• If you want to make sure that you’re ready, you can review all the details here on the Zoom website. I’m almost exclusively using Zoom for Healthcare for sessions. I think it is stable, secure, and has a short learning curve. Chances are you’ve already been using it for work, socializing with friends, or your kids have used it for school. They’ll show you how!
  • In addition to being seen – you want to both hear and be heard. Dig out the headset you use for gaming. Plug in the earbuds that came with your phone [if it has a port – those are going away!]. Or, charge up the Bluetooth device you got two holiday seasons ago – the ones you thought you’d never use. Charge ’em up and make sure you are ‘paired’ with your device. Luckily, some devices have great speakers and microphones built right in – so if that works, we’ll go with it!

 

Girls first Ski Jump – Facing Fear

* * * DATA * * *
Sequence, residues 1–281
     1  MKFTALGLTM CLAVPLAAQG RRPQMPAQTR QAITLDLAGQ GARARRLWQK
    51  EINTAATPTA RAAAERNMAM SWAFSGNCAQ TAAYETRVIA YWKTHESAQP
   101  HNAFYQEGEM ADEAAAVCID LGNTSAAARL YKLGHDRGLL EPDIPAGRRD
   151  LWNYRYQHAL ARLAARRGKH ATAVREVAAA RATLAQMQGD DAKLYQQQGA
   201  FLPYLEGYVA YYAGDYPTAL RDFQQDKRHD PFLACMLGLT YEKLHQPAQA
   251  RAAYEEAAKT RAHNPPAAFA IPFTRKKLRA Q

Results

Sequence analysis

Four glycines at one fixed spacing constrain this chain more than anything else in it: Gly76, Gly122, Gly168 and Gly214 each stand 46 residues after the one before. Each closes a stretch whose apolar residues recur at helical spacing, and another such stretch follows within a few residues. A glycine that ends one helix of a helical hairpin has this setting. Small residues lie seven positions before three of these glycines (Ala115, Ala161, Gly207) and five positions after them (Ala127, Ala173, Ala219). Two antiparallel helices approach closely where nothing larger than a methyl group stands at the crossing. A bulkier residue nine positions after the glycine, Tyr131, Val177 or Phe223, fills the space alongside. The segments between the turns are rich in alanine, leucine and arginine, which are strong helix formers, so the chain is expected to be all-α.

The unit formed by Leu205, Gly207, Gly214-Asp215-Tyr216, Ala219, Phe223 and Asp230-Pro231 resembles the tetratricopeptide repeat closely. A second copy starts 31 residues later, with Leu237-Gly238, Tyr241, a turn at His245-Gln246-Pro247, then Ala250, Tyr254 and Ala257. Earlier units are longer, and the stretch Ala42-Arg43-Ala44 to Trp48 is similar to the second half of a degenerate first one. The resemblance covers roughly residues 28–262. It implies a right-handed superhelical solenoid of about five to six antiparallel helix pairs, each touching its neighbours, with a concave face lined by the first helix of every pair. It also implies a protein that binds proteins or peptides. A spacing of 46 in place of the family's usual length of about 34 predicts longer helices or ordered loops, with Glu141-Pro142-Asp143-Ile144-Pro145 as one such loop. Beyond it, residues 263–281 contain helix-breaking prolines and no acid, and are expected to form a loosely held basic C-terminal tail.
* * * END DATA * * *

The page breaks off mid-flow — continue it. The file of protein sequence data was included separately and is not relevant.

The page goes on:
Before you play the video – please be aware that the video starts off quietly, and later gets very loud. This is because the girl featured here starts off sounding timid – and later shouts out her delight with her jump.

I was talking with someone today about facing fear, especially in social settings. What popped into my mind was a video that psychologist Reid Wilson, PhD, had mentioned in a training module that I viewed recently. Dr. Wilson mentioned that we are often blocked by our personal dialogue, and the anxiety that it generates.

We have to be willing to [as Wilson says] ‘take the hit’ that anxiety dishes out. Then we find out what we are really capable of doing.

Need help with this? Give a call – let’s talk it over.

Journalism Resource Guide on Behavioral Health – SAMHSA News

Journalism resource guide – from The Carter Center

Journalists will find this new resource a helpful tool when reporting stories that include individuals with behavioral health concerns. The Carter Center published the Journalism Resource Guide on Behavioral Health that aims to increase accurate reporting of behavioral health issues, decrease stereotypes, and help reporters better understand mental health and substance use issues. The guide …